13       Dost thou retire unto thy rest at night, 
14       And from thy darkened window fades the light. 
 
 

The Fire of Drift-Wood

DEVEREUX FARM, NEAR MARBLEHEAD. 

1     We sat within the farm-house old, 
2         Whose windows, looking o'er the bay, 
3     Gave to the sea-breeze damp and cold, 
4         An easy entrance, night and day. 

5     Not far away we saw the port, 
6         The strange, old-fashioned, silent town, 
7     The lighthouse, the dismantled fort, 
8         The wooden houses, quaint and brown. 

9     We sat and talked until the night, 
10       Descending, filled the little room; 

11   Our faces faded from the sight, 
12       Our voices only broke the gloom. 

13   We spake of many a vanished scene, 
14       Of what we once had thought and said, 
15   Of what had been, and might have been, 
16       And who was changed, and who was dead; 

17   And all that fills the hearts of friends, 
18       When first they feel, with secret pain, 
19   Their lives thenceforth have separate ends,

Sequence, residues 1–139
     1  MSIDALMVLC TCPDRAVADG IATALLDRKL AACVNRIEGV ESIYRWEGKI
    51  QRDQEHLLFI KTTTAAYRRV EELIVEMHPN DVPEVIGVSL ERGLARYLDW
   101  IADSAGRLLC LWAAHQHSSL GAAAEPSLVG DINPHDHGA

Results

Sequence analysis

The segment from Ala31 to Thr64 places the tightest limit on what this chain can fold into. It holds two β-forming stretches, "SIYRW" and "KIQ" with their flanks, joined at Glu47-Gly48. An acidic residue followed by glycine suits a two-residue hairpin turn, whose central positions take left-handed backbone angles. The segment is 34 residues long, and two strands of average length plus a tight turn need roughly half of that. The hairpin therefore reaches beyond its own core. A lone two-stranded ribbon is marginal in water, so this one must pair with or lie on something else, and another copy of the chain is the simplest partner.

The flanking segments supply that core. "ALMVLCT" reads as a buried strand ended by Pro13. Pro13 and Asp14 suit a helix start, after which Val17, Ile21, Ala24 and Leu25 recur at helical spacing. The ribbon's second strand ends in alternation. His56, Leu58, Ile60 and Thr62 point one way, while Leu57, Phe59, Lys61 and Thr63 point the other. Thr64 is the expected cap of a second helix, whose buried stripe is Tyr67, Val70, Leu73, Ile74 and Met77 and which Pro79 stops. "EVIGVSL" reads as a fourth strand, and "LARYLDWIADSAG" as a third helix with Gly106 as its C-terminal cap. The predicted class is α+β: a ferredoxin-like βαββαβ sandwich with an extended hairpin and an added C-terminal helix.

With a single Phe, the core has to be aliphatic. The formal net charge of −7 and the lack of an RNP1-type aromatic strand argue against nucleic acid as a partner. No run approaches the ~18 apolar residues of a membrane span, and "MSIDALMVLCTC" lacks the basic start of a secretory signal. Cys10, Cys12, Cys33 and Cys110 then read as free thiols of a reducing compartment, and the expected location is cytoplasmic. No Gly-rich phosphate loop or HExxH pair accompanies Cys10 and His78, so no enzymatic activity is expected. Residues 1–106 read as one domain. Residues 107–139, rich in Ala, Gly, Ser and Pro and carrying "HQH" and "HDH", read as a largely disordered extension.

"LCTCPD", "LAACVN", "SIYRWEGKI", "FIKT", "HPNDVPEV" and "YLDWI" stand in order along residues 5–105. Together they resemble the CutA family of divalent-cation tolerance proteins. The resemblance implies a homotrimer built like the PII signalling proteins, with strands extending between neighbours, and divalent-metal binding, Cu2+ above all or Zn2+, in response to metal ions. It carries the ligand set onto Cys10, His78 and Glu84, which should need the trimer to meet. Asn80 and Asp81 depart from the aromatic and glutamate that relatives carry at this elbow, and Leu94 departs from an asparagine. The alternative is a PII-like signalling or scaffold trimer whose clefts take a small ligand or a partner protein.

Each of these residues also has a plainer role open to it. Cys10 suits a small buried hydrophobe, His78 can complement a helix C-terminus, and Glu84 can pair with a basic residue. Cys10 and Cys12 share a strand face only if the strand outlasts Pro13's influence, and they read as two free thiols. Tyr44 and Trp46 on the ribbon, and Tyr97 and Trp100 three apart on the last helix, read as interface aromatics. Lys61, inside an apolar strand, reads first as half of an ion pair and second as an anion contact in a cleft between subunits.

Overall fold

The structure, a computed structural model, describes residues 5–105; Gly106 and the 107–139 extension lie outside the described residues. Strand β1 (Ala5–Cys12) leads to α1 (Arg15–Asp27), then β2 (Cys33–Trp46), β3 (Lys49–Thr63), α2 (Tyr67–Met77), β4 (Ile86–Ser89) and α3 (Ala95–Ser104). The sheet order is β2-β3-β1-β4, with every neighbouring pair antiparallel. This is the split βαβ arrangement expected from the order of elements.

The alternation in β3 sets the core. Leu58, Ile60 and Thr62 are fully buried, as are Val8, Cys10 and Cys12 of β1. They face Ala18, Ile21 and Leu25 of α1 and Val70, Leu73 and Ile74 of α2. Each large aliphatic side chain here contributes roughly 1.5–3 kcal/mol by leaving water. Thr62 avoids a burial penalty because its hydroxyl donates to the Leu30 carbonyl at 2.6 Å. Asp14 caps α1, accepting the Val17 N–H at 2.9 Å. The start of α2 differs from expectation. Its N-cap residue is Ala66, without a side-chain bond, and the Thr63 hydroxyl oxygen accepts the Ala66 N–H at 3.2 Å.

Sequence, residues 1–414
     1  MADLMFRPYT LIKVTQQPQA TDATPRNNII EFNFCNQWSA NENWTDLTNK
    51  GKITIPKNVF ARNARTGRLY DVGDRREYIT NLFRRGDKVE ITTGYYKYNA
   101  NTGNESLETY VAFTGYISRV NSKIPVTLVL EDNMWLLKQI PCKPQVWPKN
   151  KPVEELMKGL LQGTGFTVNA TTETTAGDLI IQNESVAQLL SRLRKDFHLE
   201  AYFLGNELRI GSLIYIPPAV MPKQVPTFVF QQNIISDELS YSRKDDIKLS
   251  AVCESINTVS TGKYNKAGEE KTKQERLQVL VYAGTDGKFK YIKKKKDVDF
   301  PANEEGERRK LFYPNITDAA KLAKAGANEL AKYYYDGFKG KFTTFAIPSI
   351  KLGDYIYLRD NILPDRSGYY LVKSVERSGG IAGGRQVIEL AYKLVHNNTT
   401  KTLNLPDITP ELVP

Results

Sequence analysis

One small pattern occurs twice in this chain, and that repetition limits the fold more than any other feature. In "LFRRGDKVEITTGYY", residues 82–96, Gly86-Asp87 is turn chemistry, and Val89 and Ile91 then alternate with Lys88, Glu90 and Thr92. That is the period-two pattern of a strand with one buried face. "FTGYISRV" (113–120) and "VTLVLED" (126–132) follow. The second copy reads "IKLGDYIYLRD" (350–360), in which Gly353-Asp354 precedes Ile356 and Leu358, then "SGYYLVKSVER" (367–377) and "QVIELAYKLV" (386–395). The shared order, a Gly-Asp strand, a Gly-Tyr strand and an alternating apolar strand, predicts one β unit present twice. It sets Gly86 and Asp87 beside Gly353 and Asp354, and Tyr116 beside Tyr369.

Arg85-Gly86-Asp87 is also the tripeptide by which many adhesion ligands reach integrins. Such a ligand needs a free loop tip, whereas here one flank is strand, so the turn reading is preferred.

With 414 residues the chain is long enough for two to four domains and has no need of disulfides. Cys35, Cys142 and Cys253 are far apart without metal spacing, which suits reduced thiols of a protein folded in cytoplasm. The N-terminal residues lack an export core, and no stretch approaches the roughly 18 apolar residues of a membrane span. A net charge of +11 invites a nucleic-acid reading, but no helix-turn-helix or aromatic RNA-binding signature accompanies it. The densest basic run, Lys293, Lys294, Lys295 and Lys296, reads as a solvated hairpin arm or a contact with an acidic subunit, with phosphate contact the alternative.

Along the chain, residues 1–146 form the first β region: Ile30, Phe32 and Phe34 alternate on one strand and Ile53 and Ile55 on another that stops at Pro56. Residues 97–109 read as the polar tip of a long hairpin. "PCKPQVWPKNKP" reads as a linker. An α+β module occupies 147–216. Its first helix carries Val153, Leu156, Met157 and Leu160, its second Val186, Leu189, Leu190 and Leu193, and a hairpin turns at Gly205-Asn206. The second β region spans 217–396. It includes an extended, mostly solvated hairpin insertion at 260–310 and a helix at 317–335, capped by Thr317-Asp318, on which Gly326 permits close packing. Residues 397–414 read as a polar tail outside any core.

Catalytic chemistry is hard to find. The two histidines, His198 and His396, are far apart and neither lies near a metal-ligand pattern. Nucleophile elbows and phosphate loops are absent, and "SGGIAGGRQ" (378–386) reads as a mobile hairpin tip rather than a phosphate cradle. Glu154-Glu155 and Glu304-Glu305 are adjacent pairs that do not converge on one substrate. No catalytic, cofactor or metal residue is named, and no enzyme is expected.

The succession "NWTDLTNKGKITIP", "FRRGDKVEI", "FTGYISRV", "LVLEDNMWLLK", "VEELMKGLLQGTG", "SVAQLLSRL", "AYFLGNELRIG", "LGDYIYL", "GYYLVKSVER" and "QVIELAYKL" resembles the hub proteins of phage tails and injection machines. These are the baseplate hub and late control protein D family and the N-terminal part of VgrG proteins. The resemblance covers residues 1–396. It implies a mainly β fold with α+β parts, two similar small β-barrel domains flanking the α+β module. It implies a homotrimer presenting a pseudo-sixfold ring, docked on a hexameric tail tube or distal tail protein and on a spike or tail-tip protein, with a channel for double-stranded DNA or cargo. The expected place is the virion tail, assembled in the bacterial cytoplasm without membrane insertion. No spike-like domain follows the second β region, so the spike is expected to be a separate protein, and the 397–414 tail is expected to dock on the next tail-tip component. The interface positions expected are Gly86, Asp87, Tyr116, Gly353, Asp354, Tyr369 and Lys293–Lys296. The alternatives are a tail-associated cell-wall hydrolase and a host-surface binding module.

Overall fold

20       And never can be one again; 

21   The first slight swerving of the heart, 
22       That words are powerless to express, 
23   And leave it still unsaid in part, 
24       Or say it in too great excess. 

25   The very tones in which we spake
26       Had something strange, I could but mark; 
27   The leaves of memory seemed to make 
28       A mournful rustling in the dark. 

29   Oft died the words upon our lips, 
30       As suddenly, from out the fire 
31   Built of the wreck of stranded ships, 
32       The flames would leap and then expire. 

33   And, as their splendor flashed and failed, 
34       We thought of wrecks upon the main, 
35   Of ships dismasted, that were hailed